There are also numerous arguments that the Palestinian Authority has stymied institutional and social development in the West Bank and Gaza through its semi-authoritarian suppression of internal political opposition, securitized control over the Palestinian civilian population, personalized patronage networks, and marginalization of civil society and old elites.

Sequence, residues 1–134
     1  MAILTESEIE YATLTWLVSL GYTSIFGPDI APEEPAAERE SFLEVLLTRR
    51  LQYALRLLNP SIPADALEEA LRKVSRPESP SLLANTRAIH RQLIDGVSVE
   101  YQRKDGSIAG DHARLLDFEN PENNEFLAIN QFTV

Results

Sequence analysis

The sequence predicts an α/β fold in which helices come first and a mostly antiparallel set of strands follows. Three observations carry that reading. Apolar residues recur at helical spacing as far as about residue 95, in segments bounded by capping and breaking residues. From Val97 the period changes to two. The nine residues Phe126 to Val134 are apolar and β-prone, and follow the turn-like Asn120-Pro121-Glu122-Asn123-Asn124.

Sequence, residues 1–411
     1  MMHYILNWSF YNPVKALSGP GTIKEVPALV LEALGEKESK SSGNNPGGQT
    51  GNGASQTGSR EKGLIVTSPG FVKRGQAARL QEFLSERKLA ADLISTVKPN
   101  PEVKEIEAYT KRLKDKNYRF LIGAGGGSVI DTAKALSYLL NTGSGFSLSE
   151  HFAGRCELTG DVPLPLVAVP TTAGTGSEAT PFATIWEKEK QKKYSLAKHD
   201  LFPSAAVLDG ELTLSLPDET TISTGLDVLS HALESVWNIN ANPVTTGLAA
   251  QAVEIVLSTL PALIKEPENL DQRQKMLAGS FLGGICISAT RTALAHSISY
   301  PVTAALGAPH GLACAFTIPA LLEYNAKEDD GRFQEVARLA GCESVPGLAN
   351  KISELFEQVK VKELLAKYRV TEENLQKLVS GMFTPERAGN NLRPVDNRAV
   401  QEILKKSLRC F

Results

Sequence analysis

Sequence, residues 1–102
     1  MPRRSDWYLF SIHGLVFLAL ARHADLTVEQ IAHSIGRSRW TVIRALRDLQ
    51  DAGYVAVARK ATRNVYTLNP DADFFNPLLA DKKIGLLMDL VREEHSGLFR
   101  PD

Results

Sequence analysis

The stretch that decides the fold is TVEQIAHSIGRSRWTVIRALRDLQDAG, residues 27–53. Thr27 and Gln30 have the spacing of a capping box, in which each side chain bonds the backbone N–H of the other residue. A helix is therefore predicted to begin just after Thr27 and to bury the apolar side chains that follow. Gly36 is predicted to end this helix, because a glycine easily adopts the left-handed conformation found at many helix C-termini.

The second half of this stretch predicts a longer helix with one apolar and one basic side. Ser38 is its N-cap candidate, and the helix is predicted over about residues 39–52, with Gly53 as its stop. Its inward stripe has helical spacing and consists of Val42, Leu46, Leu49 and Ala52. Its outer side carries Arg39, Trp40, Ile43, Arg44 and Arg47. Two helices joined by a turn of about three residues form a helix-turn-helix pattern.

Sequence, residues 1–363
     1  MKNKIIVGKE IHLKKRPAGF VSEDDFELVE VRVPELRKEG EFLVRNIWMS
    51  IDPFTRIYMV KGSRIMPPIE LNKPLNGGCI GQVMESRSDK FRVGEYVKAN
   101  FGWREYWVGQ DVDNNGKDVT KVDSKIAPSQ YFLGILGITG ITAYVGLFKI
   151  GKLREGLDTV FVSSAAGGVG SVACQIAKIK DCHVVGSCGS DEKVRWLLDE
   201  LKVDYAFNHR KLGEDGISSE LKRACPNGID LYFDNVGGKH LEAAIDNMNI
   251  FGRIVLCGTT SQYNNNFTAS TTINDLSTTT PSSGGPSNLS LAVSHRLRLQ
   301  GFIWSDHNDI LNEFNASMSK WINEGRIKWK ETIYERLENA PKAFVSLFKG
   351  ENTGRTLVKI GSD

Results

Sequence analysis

The Palestinian Authority, upon its establishment via the Oslo process in 1993, immediately sought to consolidate its new power over the West Bank and the Gaza Strip, often through undemocratic means. It originally justified these with the need to establish a clear monopoly on power over Palestinian state-building, safeguard the peace process from derailment, and initiate the process of national reconstitution. Glenn E. Robinson has argued that the PA, which was made in large part from the PLO in Tunis and its head Yassir Arafat (the “outside PLO”), sought to consolidate its power by co-opting, expelling from power, and marginalizing the Palestinian elite that had emerged in the 1980s and played an active role in the 1980s, including the First Intifada (the so-called “inside PLO”). Because this “outside” elite possessed no direct connections to Palestinian civil society, its legitimacy was derived largely by centralizing power, “ruling by decree” and relying on the popularity of Yassir Arafat as long-standing head of the PLO and the Palestinian resistance movement. It used these factors to govern over a society with which it interacted very little, unlike the “inside” elite that it had displaced. Palestinian politics were tied almost inextricably to Arafat, culminating in the emergence of personalized networks based on connections and loyalty. All leaders of police and security forces reported directly to Arafat, and any attempts for redress required the intervention of Arafat himself, rendering institutional processes and rules to a subordinate status. After the formation of the PA, the international donor community, with the encouragement of the PA, shifted its financial support from Palestinian NGOs and civil society organizations to the PA’s many ministries in order to build the strength of the central government. This weakened the clout of grassroots Palestinian civil society and contributed to the growing power of top-down, centralized bureaucracy. Thus, it appears that PA-dominated politics centered on “the need of its rulers to effect social control over a society which they [did] not fully trust.”